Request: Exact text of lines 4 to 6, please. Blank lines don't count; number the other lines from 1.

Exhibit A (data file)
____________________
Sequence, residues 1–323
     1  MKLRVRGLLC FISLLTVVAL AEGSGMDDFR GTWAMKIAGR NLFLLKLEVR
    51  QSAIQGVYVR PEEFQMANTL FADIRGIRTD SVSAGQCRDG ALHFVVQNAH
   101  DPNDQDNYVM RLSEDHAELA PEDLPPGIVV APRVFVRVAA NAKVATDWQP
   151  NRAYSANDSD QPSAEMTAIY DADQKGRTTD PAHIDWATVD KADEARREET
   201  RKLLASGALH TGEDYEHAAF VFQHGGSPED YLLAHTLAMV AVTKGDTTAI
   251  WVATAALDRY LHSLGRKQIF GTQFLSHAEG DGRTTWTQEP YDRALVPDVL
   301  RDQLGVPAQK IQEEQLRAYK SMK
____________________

   101  DPNDQDNYVM RLSEDHAELA PEDLPPGIVV APRVFVRVAA NAKVATDWQP
   151  NRAYSANDSD QPSAEMTAIY DADQKGRTTD PAHIDWATVD KADEARREET
   201  RKLLASGALH TGEDYEHAAF VFQHGGSPED YLLAHTLAMV AVTKGDTTAI